After The Arrival of 5G, Does Fibre Networks And Wi-Fi Make Sense?

These days there is much talk about the emergence of 5G. The speeds that the new communications protocol is reaching, despite being still in its infancy, are much higher than those of 4G networks. If we add to this that with the arrival of 5G, flat data rates are also doing it, it is common sense to ask whether fibre optics and Wi-Fi networks will continue to make sense in homes and businesses.

Before going into more detail, it is important to differentiate what are called 5G Wi-Fi networks, which already incorporate many routers and devices. These have nothing to do with 5G networks. This type of Wi-Fi connection is called that because it operates in the 5 GHz frequency band, different from that of old Wi-Fi connections. The distinction is important, as it can lead to errors when choosing certain devices and services.

Focusing on 5G networks the speed of data transfer and response, its latency, improves what some Wi-Fi networks offer. That, in theory, would allow in the medium term that these networks can be even more interesting to transfer data than fibre optic and Wi-Fi. But for that, a much larger deployment of 5G networks is needed.

Also Read: Top 10 Technologies To Learn In 2019

Moreover, Wi-Fi technology is also evolving. The Wi-Fi 6 networks, which are still a rarity but already equipped devices like Galaxy S10, allow download speeds of up to 1 Giga using 2.4 GHz frequency, but this speed is increased to 4.8 theoretical Gigs the 5Ghz band. The interesting thing about these networks is that several devices can be connected at the same time. 5G networks, however, allow the connection of a single device.

5G-Network

Although that device can be a router, there are already products of this type. It’s is the case with the 5G D-Link DWR-2010 router. This device allows to receive a 5G signal and distribute it as a router connected to a fibre-optic network. The funny thing is that to use a wireless network that replaces the cable is not as necessary as it seems a 5G connection.

In many countries, 4G networks are as fast or more like standard cable-based Internet connections that can be contracted with operators. This is revealed by a 2018 Open Signal study (PDF). Although, we already noticed that Spain is not on the list of countries that have been the subject of the study.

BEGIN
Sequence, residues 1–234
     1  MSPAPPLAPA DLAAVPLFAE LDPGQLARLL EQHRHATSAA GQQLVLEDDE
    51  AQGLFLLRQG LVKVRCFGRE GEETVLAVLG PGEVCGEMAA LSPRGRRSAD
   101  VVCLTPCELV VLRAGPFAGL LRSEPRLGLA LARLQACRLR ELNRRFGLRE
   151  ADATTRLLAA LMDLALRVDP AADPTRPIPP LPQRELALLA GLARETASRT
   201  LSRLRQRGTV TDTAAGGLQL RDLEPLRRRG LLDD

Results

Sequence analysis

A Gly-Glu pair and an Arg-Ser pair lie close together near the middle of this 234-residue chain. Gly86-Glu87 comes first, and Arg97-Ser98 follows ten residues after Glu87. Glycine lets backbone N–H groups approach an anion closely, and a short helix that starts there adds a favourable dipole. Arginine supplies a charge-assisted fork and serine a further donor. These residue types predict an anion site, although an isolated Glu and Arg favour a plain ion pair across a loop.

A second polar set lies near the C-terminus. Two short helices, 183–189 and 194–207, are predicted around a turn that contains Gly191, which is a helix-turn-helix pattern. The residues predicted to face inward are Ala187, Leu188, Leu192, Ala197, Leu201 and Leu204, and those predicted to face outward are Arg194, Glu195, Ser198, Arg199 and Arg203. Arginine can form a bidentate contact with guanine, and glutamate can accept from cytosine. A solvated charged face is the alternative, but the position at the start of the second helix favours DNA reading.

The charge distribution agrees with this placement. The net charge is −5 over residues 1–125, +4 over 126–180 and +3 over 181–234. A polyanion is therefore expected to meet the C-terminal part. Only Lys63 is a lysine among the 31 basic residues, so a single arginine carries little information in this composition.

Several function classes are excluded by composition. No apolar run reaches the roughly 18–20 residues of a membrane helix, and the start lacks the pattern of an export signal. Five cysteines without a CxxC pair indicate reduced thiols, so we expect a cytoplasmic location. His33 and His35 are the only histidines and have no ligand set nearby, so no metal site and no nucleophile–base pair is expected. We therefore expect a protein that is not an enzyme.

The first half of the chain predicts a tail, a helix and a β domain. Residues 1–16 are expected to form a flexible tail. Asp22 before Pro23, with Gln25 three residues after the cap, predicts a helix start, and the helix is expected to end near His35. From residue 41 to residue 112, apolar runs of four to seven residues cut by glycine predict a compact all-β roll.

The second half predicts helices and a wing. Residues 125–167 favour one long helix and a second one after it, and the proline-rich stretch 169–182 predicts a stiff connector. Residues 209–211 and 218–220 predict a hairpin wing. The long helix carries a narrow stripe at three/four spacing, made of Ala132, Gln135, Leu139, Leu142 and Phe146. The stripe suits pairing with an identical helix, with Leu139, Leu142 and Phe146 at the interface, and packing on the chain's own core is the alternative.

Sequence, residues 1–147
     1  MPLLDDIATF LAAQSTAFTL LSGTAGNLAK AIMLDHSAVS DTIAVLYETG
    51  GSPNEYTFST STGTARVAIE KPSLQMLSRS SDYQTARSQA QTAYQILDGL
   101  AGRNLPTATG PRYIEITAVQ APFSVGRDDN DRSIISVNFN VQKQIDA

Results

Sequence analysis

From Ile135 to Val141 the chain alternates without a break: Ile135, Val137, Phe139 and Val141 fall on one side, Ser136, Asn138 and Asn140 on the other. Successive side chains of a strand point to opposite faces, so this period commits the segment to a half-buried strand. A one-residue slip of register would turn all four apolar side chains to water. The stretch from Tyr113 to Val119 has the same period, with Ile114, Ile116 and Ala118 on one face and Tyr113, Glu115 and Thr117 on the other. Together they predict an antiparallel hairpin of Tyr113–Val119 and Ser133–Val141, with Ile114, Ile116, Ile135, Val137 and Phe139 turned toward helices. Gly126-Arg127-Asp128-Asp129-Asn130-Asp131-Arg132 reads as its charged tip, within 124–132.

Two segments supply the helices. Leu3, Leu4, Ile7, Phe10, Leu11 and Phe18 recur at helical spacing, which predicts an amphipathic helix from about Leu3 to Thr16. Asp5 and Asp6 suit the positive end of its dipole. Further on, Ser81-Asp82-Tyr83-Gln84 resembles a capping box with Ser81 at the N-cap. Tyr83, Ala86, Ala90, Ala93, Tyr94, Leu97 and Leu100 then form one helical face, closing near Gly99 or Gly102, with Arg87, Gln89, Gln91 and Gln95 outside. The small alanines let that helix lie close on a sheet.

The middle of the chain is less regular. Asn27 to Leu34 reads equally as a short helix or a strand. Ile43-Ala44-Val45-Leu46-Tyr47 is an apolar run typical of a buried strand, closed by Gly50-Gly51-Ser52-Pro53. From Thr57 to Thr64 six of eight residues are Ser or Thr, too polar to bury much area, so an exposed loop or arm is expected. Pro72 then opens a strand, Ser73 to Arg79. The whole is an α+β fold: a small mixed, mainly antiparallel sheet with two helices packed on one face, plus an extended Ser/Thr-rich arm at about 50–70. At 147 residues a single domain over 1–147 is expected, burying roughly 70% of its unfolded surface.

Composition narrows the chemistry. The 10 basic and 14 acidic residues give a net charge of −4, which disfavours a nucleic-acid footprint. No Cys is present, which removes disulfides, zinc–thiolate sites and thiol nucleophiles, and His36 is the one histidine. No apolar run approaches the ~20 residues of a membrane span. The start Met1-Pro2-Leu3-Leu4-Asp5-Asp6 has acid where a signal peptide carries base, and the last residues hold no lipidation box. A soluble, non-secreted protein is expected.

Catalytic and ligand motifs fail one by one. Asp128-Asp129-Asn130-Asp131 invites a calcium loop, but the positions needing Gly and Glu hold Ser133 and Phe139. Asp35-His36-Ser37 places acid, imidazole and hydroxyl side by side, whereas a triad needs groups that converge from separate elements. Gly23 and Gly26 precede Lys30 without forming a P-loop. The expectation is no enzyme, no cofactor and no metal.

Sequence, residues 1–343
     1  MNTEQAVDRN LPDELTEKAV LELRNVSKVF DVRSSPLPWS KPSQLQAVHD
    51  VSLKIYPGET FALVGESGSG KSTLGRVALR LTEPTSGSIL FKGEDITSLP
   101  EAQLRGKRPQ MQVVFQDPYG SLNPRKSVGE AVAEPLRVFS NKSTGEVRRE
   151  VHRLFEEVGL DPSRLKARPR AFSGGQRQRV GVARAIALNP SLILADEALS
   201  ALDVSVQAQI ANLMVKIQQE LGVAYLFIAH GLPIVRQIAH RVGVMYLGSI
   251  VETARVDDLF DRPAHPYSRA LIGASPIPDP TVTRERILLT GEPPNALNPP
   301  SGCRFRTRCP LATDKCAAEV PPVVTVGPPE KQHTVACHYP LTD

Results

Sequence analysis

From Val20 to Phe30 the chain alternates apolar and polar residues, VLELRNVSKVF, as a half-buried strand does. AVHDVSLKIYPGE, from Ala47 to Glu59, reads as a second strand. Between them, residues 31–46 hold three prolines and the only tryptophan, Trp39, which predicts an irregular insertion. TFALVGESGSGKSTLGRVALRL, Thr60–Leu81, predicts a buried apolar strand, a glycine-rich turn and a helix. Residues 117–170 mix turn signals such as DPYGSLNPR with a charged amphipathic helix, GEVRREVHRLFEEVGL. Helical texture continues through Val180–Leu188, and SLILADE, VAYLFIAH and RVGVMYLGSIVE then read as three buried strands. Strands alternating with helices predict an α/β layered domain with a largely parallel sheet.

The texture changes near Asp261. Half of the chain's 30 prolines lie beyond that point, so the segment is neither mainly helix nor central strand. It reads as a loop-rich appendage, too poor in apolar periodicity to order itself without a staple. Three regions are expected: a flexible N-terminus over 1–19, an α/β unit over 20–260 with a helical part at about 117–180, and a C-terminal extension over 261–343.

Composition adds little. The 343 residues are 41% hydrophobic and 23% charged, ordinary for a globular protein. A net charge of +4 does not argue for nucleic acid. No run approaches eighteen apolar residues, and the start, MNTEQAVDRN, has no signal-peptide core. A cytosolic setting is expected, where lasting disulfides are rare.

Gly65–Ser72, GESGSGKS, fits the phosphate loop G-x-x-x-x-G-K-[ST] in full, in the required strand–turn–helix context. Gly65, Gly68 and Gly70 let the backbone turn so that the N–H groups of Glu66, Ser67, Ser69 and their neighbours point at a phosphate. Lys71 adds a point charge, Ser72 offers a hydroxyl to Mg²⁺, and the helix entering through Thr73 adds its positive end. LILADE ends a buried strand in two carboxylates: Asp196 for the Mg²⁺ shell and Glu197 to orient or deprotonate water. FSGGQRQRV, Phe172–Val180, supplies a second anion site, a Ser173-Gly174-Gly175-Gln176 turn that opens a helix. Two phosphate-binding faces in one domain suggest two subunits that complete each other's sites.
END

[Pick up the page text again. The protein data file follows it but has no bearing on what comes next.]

In fact, some users due to the increase in the amount of data that can be transferred monthly have begun to do without fibre networks. This trend may go further when flat data rates begin to become popular, such as the one Vodafone already offers for 4G and 5G networks.

But the truth is that the future improvement of Wi-Fi connections makes this technology remain almost essential. Even if at a certain moment the telecommunications operators consider it more interesting than the data reach our homes and workspaces through 5G networks.

This scenario entails certain disadvantages for those who continue to use the cable, either for security reasons or for the stability it provides when providing data. Let’s not forget that the most stable and secure connections are achieved by directly connecting an Ethernet cable from a router to the computer.

Especially, considering the saturation that some homes suffer a lot due to a large number of nearby Wi-Fi connections. Even some professional devices still use the old Ethernet cables. As is the case with some professional cameras, which have this kind of connection due to the high data transfer speed that it allows.

The most stable and secure connections are achieved by directly connecting an Ethernet cable from a router to the computer

Also, we repeat, a cable is always much safer than any wireless connection, be it 5G or Wi-Fi. Therefore, regardless of whether the use of 5G networks combined with Wi-Fi can be extended, there will always be a core of professional users who will resist abandoning cable connections.

In any case, all this is in the air until the 5G does not expand much more. And that is not going to happen overnight. What seems clear is that public Wi-Fi networks will gradually become a rarity as 5G connections make their way. At least in countries that can afford the massive deployment of that kind of networks.

Stanley Joseph
A Techie Lover and a cyberjunkie who likes to live life on the edge. Keeping track of Tech-related events around the world is my passion, addiction, and would like to take it up as a profession.

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